An apprenticeship with Jaguar Land Rover
Luke Brotherwood, 20, has always been interested in what makes things work. His real passion is for cars – driving them and understanding what happens under the bonnet. So, it was always in his mind to pursue a career in something that would get him close to cars. Engineering seemed to offer that path. Now all he needed was a way to get there.
He decided quite early on in his sixth form that he didn’t want to go to university. “I can’t quite remember why,” he says, “but I think a lot of it was about the debt I’d be in afterwards.”
His school was very supportive of his decision both to study automotive engineering and not go to university. Someone even came to his school to talk about internships and apprenticeships and he had several meetings with the Head of Careers.
Although there were a few others in Luke’s year who chose not to go to university, he was the only one who applied for an apprenticeship. He wasn’t successful in the first round of applications and, having not applied to university, he was forced into both an unplanned gap year and the prospect of going to university. His least preferred option.
In fact, Luke was given four offers from universities to study automotive engineering and motor sport engineering. But having looked at the courses, his overriding preference was to complete an apprenticeship.
Very few car manufacturers offer the sort of course that Luke wanted to do. Happily, Jaguar Land Rover was among the first to open their application process and Luke passed through the various stages to get a place on their engineering degree apprenticeship.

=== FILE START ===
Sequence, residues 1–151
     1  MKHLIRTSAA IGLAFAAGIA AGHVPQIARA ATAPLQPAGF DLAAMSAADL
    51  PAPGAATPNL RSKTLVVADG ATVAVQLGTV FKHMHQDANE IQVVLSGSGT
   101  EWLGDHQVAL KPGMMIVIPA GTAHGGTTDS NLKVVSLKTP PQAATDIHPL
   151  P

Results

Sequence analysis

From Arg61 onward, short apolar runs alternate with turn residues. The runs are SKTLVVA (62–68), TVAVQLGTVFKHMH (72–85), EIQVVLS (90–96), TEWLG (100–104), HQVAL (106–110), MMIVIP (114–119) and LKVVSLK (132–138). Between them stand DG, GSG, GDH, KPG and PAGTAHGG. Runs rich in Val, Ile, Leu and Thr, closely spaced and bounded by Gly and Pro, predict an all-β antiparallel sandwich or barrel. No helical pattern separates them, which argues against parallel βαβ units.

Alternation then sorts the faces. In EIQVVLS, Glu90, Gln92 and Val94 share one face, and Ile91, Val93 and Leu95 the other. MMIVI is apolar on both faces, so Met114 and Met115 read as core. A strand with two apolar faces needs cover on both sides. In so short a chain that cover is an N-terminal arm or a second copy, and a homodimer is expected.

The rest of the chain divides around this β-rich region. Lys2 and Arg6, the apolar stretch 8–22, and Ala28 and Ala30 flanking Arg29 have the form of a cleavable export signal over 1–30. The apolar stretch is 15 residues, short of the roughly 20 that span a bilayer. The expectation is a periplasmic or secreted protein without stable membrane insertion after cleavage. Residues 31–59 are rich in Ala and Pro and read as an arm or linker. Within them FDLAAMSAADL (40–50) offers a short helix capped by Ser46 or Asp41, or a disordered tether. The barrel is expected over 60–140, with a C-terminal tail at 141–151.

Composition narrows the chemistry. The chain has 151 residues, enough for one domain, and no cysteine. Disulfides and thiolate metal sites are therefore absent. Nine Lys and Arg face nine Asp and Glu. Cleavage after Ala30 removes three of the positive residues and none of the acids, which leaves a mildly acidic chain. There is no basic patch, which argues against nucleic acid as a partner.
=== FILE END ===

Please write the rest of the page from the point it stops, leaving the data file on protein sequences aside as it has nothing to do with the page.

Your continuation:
He has been impressed by the effort and energy the company puts into their apprenticeship applications. They clearly have to as Luke thought that there were around 8,000 applications for 150 apprenticeships at Jaguar Land Rover alone. Now, that would take some administration!
The process itself was rigorous. An initial written application was followed by specific maths and english tests, which were then followed by an assessment centre.
At the time of writing, Luke has only taken part in the early induction stages of his apprenticeship. But, he now has a salary and, as the apprenticeship is linked to Warwick university, he’ll have his tuition fees paid, too.
He will spend at least the next five years moving between the classroom and the manufacturing plant. The first year’s focus is very much in the classroom where he’ll be studying a foundation degree. In the following years, he’ll spend more time working in the plant, supplemented with occasional college days.
So what about social life? Is he missing out on the student lifestyle? Not really. He lives in a house with other students his age and socialises with them and others.
There are, however, marked differences between the typical student life and his apprenticeship. He says he and his fellow apprentices have been made acutely aware of the importance of turning up on time in the mornings and adhering to codes of conduct! So, no hangover duvet days watching Countdown in the afternoons, then.
Luke is clearly excited about his future working with two of the world’s most iconic vehicle brands. He’s embarking on a career in an area about which he’s passionate. And, he’s not only being paid for the pleasure, he’ll have overtaken many of his contemporaries who will be two or three years behind him in the career ladder.
We look forward to hearing more from Luke as he progresses with his apprenticeship at Jaguar Land Rover.